Although numeric pain ratings are helpful to determine if pain medication is effective, they are not meant to be the entire method for assessing pain in patients with chronic LBP. Functionality and increases in quality of life may be more important measurement for improvement. If the patient can walk further, shop independently, and attend church, these are all goals that have true meaning for maintaining the quality of life for patients with chronic pain. Continued tracking of numeric ratings may do more harm than good if pain intensities fail to improve.
Keeping an open mind about all treatment options is beneficial for patients. Encourage patients to look beyond medication management and seek opportunities to try additional types of pain relief. Medications for chronic pain should never be seen as the only option for pain relief. Using multimodal pain management will in the end produce the best outcomes for the patient and increase the potential for optimal pain relief.
To get more information on the LBP guidelines from APS, access the website at http://www.ampainsoc.org.
Sara Stone, who is a 45-year-old patient, tells you she has had LBP for about 6 weeks. She says the back pain started when she was moving and she lifted a series of heavy boxes. She has tried a variety of treatments with little effect. She lists the things that she has tried as heat and cold, analgesic balms (Icy Hot), acetaminophen, over-the-counter ibuprofen, and a pain pill from an old surgery she had several years ago. Nothing seems to work, and the pain is very intense at night when she gets into bed. She can only tolerate the lying position for several hours, and then she gets up and sleeps the rest of the night in a recliner chair. She has an appointment with a chiropractor but thought she would see her primary care provider before she went and had an adjustment.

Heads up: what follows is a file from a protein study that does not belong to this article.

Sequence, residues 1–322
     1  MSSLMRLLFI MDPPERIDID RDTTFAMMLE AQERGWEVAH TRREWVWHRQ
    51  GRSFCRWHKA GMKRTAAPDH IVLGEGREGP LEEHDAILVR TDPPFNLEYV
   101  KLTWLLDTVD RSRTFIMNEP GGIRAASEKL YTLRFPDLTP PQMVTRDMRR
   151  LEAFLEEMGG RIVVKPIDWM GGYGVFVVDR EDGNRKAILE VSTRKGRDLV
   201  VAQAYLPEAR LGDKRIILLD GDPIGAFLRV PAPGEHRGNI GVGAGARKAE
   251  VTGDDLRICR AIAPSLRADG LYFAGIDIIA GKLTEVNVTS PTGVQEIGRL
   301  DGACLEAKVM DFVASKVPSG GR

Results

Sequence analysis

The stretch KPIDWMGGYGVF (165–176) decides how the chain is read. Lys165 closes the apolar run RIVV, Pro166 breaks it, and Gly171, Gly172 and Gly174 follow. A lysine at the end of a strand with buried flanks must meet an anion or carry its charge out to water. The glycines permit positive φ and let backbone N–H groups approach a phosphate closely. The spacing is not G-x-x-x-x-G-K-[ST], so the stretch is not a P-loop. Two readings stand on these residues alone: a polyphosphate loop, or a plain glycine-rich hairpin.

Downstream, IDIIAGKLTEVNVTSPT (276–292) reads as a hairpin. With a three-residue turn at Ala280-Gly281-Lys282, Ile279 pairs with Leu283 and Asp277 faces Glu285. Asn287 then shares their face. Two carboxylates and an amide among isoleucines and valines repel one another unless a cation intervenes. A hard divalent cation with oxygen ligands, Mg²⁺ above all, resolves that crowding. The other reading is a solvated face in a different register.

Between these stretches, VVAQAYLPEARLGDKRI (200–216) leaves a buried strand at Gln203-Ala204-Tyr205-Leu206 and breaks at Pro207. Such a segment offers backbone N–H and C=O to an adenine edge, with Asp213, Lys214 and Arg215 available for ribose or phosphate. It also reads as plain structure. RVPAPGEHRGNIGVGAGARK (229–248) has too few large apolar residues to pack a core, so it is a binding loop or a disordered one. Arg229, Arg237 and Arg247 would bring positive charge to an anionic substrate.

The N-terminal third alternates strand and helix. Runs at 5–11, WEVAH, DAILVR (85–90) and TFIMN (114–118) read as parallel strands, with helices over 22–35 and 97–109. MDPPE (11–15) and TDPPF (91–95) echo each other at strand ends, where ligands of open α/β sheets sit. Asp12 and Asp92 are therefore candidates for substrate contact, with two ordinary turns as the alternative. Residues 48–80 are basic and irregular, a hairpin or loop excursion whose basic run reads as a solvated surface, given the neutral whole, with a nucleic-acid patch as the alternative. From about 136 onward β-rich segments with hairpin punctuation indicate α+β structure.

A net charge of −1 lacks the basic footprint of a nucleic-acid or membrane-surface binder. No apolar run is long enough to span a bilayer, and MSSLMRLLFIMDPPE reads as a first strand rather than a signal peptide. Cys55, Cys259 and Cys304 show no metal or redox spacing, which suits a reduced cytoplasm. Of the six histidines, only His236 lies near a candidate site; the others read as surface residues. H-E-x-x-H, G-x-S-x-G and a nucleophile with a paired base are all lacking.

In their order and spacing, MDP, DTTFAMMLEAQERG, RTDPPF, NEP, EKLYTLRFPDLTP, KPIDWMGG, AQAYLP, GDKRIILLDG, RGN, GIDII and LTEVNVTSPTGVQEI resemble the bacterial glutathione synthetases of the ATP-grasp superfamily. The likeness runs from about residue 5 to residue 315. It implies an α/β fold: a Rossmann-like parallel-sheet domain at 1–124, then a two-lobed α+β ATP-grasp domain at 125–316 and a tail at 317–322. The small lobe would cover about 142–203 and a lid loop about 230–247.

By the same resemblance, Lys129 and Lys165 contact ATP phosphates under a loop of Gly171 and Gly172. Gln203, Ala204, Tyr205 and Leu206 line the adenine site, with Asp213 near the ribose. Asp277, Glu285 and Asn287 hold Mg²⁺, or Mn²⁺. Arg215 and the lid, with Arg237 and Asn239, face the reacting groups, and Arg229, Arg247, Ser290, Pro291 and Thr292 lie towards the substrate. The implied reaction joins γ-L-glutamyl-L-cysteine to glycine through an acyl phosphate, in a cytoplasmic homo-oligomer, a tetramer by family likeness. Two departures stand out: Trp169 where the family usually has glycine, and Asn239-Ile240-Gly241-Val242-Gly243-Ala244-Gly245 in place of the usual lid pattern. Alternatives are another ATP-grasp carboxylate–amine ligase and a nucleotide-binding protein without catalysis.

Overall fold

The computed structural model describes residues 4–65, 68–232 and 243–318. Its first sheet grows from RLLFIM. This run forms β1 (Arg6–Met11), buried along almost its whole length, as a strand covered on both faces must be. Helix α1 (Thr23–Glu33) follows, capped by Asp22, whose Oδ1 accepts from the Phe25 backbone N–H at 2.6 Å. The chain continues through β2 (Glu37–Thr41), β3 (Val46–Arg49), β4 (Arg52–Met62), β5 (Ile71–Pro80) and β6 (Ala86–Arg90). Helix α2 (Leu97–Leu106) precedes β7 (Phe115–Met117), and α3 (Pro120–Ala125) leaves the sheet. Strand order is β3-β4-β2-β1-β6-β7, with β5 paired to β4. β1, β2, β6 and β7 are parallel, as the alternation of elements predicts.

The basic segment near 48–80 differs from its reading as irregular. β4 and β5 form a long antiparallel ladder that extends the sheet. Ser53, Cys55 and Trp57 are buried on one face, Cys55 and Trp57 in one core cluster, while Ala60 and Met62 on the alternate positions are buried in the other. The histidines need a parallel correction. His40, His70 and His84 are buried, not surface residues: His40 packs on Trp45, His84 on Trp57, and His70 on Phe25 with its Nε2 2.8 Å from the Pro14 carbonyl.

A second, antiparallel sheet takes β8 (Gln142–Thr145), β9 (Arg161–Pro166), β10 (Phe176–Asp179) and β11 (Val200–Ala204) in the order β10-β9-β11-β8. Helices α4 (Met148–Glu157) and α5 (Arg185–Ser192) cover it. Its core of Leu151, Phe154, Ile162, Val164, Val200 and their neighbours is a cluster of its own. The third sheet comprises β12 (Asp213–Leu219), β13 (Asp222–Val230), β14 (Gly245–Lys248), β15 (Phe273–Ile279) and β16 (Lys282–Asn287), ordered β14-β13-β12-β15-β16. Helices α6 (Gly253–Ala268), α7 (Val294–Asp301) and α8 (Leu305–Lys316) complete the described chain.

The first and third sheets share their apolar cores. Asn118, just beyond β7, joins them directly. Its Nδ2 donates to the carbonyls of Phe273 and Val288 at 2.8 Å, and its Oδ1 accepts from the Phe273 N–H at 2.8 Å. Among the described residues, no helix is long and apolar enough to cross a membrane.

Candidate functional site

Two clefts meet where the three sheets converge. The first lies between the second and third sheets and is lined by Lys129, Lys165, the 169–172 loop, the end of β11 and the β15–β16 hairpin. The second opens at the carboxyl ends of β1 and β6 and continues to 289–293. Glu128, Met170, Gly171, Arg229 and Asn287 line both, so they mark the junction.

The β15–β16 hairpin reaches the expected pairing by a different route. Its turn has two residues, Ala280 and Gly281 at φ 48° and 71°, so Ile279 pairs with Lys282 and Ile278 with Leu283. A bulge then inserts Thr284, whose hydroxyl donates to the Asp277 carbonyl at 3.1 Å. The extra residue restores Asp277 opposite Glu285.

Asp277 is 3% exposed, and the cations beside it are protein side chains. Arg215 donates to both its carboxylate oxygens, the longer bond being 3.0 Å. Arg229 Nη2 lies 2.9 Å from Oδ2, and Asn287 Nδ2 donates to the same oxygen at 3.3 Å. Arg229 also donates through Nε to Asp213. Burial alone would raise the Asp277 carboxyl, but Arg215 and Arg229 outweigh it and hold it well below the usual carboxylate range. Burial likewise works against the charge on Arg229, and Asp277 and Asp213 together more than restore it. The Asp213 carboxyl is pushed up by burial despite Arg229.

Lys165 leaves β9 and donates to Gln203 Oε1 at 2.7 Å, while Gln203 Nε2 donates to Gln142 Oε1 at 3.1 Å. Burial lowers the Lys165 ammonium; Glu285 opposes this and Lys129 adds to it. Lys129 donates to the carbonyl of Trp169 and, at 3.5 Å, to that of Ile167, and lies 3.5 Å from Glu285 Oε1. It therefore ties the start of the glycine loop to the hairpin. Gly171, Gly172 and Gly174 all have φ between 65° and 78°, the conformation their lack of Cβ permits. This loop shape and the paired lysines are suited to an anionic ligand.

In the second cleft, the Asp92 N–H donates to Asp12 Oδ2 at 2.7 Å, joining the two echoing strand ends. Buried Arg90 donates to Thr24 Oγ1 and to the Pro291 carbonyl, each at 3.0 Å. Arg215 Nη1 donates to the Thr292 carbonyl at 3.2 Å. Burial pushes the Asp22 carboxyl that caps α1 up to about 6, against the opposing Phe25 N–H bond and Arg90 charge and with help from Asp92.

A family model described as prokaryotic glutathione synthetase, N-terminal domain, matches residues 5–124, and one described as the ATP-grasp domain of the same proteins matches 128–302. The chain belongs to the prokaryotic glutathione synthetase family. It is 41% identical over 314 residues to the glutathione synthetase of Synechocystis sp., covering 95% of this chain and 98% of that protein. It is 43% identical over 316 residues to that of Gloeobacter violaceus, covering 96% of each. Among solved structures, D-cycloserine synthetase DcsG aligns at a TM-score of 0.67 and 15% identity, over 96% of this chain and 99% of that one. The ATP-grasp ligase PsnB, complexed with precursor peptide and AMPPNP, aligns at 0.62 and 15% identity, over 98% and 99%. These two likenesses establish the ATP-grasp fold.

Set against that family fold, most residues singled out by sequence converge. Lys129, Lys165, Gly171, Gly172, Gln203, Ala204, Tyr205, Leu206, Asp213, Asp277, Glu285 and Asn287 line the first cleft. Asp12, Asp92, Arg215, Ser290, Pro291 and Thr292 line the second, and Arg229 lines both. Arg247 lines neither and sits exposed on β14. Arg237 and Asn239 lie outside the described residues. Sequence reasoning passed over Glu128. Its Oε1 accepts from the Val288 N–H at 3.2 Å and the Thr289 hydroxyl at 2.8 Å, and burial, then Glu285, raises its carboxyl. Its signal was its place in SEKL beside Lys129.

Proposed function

When you examine Sara, you note that she has pain in her lumbar spine that radiates down her left leg. When you ask her to rate the pain, she says the midback pain is a nagging pain that aches and she rates it as a 5/10. When you question her about the leg pain that radiates, she describes it as a shooting pain that increases in intensity the longer she ambulates. The radicular pain is described as an 8 out of 10 when it occurs. She describes the radiating pain as intermittent, sharp, shooting, and needlelike. It keeps her from having a good night's sleep because it wakes her periodically at night.
Sara tells you she has never had pain like this before. She has no other neurologic impairment, such as foot drop or bowel or bladder incontinence. She does have a significant neuropathic component to the pain. You send Sara for an MRI, and after reading the results, you diagnose her as having a herniated disc, HNP.
Questions to Consider
1. Consider that Sara is not a surgical candidate. What are some of the best strategies to manage her pain?
2. What types of medication will be the best option for controlling Sara's pain?
3. Should you combine your medication choices to address all the components of Sara's LBP?
4. What nonpharmacologic options are good suggestions for Sara?
5. Is Sara at risk for depression? If so, what types of treatment options will work best?
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